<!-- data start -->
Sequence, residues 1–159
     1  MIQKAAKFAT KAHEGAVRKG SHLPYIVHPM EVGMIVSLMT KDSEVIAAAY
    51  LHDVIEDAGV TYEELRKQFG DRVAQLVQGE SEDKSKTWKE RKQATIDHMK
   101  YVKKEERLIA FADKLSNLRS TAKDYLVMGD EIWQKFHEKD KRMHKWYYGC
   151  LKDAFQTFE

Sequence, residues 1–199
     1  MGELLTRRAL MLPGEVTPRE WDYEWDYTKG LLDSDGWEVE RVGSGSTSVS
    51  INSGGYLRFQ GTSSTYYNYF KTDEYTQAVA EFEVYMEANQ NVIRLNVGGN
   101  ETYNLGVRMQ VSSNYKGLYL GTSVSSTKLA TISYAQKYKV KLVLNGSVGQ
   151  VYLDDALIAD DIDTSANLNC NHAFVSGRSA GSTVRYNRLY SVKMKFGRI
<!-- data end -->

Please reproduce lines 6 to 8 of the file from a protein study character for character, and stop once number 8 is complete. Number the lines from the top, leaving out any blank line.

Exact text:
Sequence, residues 1–199
     1  MGELLTRRAL MLPGEVTPRE WDYEWDYTKG LLDSDGWEVE RVGSGSTSVS
    51  INSGGYLRFQ GTSSTYYNYF KTDEYTQAVA EFEVYMEANQ NVIRLNVGGN